#Startingafreshfromculture. Milano Design City 2020 unites the culture of design and innovation with the culture of sustainability: 2 weeks of events in showrooms and other design venues. From 28th September to 10th October, the Italian design industry is back in the limelight, opening once again to the public, while adapting to the current situation.
Local events, talks, workshops, panel discussions and exhibitions to spread design culture are being held in showrooms, galleries and museums, including MUMAC, since design culture is an integral part of Gruppo Cimbali’s identity. The museum, which is already part of ADI’s Le Vie del Compasso d’Oro circuit together with the Faema Art&Caffeine flagship in the heart of Milan’s design district (via Forcella 7), is also participating in the event with a social media project. “A machine a day: coffee machines that blend art and design” is a schedule on the museum’s Facebook and Instagram channels in which an iconic machine is presented every day to assemble a “collection” of industrial design pieces.
In the coffee machine sector specifically, “design cannot disregard the dialogue with mechanics, considering the living elements that necessarily contribute to the result, such as steam and pressure”, explains Valerio Cometti, who designed MUMAC and the latest models for La Cimbali, including M100, the symbol of espresso coffee. “The La Cimbali M100 project,” explained the engineer and designer during a conference, “is distinguished by its high level of complexity, which brings together values that are both important and potentially conflicting, such as productivity and high ergonomic, manufacturing, mechanical, thermal and maintainability standards. We had to take all this into full consideration, continually reconciling these technical requirements with the aesthetic ambition of the finished product, while above all creating visually striking elements from certain functional features, which in the M100 have reached unprecedented levels, including the addition of a touch-sensitive interface.” The machine can be admired at MUMAC in its “exploded” version, which provides a direct insight into the complexity that lies behind the design.
Design and function
It is the complex combination of industrial design, mechanics and functionality that distinguishes the coffee machines designed by such illustrious figures as Gio Ponti, Enzo Mari and Bruno Munari. We consider them in order, guided by Enrico Maltoni, a collector who specialises in the restoration of vintage machines from 1900 to 1960.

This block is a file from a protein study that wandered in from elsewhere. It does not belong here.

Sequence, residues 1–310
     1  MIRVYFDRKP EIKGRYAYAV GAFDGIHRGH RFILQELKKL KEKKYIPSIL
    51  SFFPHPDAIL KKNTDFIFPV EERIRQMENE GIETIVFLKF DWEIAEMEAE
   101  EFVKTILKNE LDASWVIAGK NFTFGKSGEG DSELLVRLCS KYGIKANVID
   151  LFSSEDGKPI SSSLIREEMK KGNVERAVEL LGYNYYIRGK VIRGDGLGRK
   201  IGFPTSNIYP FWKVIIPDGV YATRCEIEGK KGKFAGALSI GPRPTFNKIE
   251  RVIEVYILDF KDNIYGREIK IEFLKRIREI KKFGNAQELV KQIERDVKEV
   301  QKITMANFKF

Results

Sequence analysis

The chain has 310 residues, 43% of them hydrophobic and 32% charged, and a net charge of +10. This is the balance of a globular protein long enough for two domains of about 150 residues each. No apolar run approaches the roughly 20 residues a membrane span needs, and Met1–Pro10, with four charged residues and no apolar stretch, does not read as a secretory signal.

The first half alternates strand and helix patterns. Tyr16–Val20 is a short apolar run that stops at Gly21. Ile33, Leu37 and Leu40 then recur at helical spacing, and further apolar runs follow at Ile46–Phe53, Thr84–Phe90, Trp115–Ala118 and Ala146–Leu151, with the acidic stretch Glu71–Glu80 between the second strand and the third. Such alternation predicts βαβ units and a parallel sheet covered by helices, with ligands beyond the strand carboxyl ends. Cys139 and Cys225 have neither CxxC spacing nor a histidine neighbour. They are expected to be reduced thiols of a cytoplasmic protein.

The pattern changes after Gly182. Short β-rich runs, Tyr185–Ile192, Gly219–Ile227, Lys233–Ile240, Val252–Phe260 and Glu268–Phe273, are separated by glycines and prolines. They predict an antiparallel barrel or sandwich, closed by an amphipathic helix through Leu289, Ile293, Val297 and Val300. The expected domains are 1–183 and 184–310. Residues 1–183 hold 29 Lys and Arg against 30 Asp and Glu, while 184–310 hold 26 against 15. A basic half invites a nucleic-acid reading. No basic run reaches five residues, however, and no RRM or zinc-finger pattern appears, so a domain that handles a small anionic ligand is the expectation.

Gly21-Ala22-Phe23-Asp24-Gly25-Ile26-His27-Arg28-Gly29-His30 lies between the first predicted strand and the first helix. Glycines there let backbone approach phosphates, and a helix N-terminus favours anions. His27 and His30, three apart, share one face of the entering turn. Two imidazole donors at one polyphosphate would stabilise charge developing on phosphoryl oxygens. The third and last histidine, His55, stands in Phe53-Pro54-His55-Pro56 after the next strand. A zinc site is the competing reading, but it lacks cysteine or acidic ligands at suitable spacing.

Design and practicality are the characteristics that Maltoni looks for in a model: “Aesthetically, I admire the elegance of La Pavoni DP47, known as ‘La Cornuta’, which was designed by Gio Ponti in 1947. This machine is considered the most beautiful and valuable in the coffee machine collecting world because there are only two existing models and the one housed at MUMAC is the only one that is always on public display.” It is the machine whose design truly embodies the “elegance of effort” sought by Ponti himself.
From Munari to Giugiaro
Proceeding in chronological order, during Designers Week we will be able to admire, in addition to La Cornuta, the La Pavoni Concorso model, designed in 1956 by Bruno Munari and Enzo Mari and renamed Diamante (Diamond) due to the faceted shape of its modular elements, which make it possible to achieve different colour and size combinations, and the winner of a design competition held by Domus, Casabella and Stile Industria that year: by then beauty was also considered essential for everyday objects, because, as Munari himself put it, “art must not be detached from life: beautiful things to look at and ugly things to use…”
One of the undisputed stars is the Pitagora model by the Castiglioni brothers, featuring a modified hydraulic group head: dispensing is activated by simply hooking on a filter holder, hence the slogan “The machine that makes coffee by itself”.
Ten years “younger”, the Faema Prestige model marked a true aesthetic and above all functional revolution: it could be serviced by simply unhooking the panels of the polycarbonate body in various colours.
The Gaggia Tel 2 model designed by De Gotzen features a “silumin” (silicon and aluminium) die- cast frame in different colours, while Marco Zanuso distinguished the bright orange Rancilio Z8 model with a honeycomb sheet metal body that resembles plastic.
In 1983 Ettore Sottsass and Aldo Cibic designed the Faema Tronic, an electronic machine for professional use featuring automatic control and programmable dosing.
La Cimbali produced the M15 model: designed by Rodolfo Bonetto in 1971 and explicitly inspired by pop art, it was intended to be positioned on the back counter in bars. Released two years later, the M20 model marked the transition from electromechanics to electronics thanks to the advent of the microprocessor.
In 1991 the Giugiaro Design firm, in collaboration with the FAEMA technical department, developed the E91, an unquestionably impressive and prestigious machine that is still in production.
La Cimbali’s M39 represents another step in innovation and design by Gianfranco Salvemini, included in the 2005 ADI Index.
Two years ago the E71E was launched, featuring an “extraordinary design” masterfully combined with intuitive ergonomics, functionality, technology and maximum customisation in terms of the settings and range of accessories. A splendid interpreter of gourmet coffee, inspired by the iconic E61 and the 2016 E71, also by Giugiaro Design, it delivers on its promise: “every machine is much more than the sum of its parts. But it is the details and the new design that make it truly unique.”